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5 takeaways from the South African Music Awards

Maglera Doe Boy put on a show as part of the SAMA29 celebration of 40 years of SA hip-hop. Picture: Instagram/@magleradoeboy

Maglera Doe Boy put on a show as part of the SAMA29 celebration of 40 years of SA hip-hop. Picture: Instagram/@magleradoeboy

Published Nov 20, 2023

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Following a chaotic lead up to the event, the South African Music Awards (SAMAs) served a mixed bag over the weekend.

From some great performances to some controversial moments, we look back at some key takeaways from South African music’s showpiece event.

Maglera Doe Boy is hip-hop’s newest star

The SAMAs decided to honour hip-hop on its 50th global and 40th SA anniversary with a medley of performances featuring some of the country’s top young hip-hop acts.

Blxckie, Loatinover Pounds, 25K and Thato Saul all graced the stage, but it was Maglera who stole the show with a flamboyant and commanding performance.

Nandi Madida is class personified

One of the most controversial moments of the awards show came during the speeches for the International Achiever award, which was awarded to Wouter Kellerman, Zakes Bantwini and Nomcebo Zikode for their Grammy wins earlier in the year.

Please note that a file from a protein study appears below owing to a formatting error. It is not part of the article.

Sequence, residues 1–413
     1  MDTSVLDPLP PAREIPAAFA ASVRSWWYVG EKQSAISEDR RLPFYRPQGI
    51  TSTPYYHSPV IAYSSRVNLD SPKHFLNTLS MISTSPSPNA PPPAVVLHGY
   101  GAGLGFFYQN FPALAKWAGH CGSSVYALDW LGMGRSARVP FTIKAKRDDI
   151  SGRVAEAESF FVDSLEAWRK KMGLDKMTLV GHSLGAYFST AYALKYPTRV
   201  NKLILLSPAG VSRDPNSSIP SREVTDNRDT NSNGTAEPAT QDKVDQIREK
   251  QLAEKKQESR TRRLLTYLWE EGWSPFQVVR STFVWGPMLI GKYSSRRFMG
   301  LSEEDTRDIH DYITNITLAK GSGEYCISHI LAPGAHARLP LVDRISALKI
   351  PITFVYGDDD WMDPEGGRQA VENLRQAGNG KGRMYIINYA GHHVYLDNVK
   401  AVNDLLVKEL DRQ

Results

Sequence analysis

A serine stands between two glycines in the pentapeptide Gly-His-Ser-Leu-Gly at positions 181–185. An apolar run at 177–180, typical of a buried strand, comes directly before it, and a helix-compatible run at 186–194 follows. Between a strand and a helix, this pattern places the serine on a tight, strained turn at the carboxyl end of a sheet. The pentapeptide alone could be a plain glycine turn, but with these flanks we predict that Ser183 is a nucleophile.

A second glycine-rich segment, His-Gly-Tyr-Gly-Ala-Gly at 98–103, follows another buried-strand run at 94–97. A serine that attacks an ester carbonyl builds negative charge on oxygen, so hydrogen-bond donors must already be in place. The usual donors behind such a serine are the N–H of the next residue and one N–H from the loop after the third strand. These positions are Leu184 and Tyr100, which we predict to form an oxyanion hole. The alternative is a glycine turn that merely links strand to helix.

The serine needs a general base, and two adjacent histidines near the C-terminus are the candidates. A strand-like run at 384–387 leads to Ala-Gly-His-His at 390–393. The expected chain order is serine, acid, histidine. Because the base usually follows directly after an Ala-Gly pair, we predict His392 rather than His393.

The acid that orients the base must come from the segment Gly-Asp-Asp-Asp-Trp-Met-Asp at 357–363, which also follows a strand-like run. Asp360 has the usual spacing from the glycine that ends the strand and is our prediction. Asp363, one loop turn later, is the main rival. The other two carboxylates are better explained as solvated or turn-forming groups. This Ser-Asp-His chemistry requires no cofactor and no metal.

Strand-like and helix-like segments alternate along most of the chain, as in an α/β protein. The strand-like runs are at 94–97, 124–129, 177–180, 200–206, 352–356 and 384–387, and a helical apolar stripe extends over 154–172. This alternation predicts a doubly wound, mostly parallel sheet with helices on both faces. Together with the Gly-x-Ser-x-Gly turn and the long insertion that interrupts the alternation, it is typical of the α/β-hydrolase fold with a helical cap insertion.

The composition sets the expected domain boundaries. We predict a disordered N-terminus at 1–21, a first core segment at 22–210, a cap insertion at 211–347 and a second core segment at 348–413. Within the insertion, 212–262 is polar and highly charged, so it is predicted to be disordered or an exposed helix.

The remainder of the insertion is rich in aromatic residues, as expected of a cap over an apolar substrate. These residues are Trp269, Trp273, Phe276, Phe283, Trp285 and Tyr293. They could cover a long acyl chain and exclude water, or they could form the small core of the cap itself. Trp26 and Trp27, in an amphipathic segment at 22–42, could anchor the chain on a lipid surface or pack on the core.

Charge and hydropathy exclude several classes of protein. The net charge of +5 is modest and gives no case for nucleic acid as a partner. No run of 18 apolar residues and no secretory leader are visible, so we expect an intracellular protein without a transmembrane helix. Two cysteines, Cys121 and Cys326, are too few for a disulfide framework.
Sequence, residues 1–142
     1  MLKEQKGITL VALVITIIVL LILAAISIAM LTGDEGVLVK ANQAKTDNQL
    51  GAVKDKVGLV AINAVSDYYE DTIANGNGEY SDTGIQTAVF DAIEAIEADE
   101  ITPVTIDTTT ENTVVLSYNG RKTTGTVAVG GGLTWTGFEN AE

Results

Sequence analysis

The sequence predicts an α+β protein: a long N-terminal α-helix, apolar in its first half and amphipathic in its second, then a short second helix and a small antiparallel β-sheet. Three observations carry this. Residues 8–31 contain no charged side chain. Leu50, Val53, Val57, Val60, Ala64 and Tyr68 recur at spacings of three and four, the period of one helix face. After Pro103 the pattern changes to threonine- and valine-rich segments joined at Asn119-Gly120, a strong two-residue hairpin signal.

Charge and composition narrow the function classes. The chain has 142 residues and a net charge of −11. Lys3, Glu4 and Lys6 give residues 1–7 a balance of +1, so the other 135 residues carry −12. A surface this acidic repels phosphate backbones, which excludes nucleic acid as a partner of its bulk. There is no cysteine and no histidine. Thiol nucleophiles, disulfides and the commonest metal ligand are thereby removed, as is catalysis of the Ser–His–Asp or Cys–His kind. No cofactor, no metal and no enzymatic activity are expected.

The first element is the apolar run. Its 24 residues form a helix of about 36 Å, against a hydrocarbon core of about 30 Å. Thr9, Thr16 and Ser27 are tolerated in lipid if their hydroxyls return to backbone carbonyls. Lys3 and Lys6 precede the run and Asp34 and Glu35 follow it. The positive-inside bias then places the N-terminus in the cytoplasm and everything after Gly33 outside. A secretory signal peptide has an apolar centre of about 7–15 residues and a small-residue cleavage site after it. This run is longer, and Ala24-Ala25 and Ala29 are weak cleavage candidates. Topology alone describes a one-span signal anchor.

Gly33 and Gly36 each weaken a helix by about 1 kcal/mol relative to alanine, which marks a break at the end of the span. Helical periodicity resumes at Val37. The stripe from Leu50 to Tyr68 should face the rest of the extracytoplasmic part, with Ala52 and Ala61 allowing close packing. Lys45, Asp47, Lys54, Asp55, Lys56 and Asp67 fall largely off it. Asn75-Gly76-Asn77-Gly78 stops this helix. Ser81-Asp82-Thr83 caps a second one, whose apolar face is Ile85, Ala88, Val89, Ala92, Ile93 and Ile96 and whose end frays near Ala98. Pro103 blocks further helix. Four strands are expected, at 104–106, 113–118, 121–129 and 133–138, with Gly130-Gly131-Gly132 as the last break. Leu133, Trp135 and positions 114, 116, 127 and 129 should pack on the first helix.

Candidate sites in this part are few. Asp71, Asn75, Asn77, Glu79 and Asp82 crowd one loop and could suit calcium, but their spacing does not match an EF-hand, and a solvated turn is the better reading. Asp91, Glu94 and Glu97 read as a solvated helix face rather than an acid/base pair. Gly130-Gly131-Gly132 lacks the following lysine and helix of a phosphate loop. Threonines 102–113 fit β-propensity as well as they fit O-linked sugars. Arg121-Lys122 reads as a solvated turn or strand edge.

When Nandi Madida went up to the mic to share a speech on behalf of her husband Zakes Bantwini, who was unable to attend, she was cut off right at the beginning of her speech.

As memes circulated the net, Madida chose to play it down with a classy post on IG in which she poked fun at herself and made light of the situation.

SA loves Makhadzi

No artist drew quite as rapturous a reception from the crowd at the SunBet Arena as Makhadzi.

Any mention of her name in the various categories she was nominated in drew loud cheers from the audience and her performance was among the most electric of the night.

Kabza De Small is still king of the land

Amapiano pioneer Kabza De Small led the way as amapiano continued its domination of the awards that started back in 2019.

Kabza walked away with four awards: Best Duo/Group of The Year award alongside DJ Maphorisa for ‘Scorpion Kings Live Sun Arena’, Best Produced Album for ‘KOA II Part 1’, Best Amapiano Album for ‘KOA II Part 1’, Best Kwaito Album for his collaboration with Kwesta on ‘Speak N Vrostaan’.

The SAMAs prestige has waned

Save for a few stellar performances, this year the SAMAs were lacking in that stardust that you’d expect from an awards show of this magnitude.

A lot of the award winners skipped the show and it just didn’t feel as grand as it used to.

However, given how the organisers had to plan and execute the show at the 11th hour after the Durban leg was cancelled, it’s understandable that not everything went perfectly.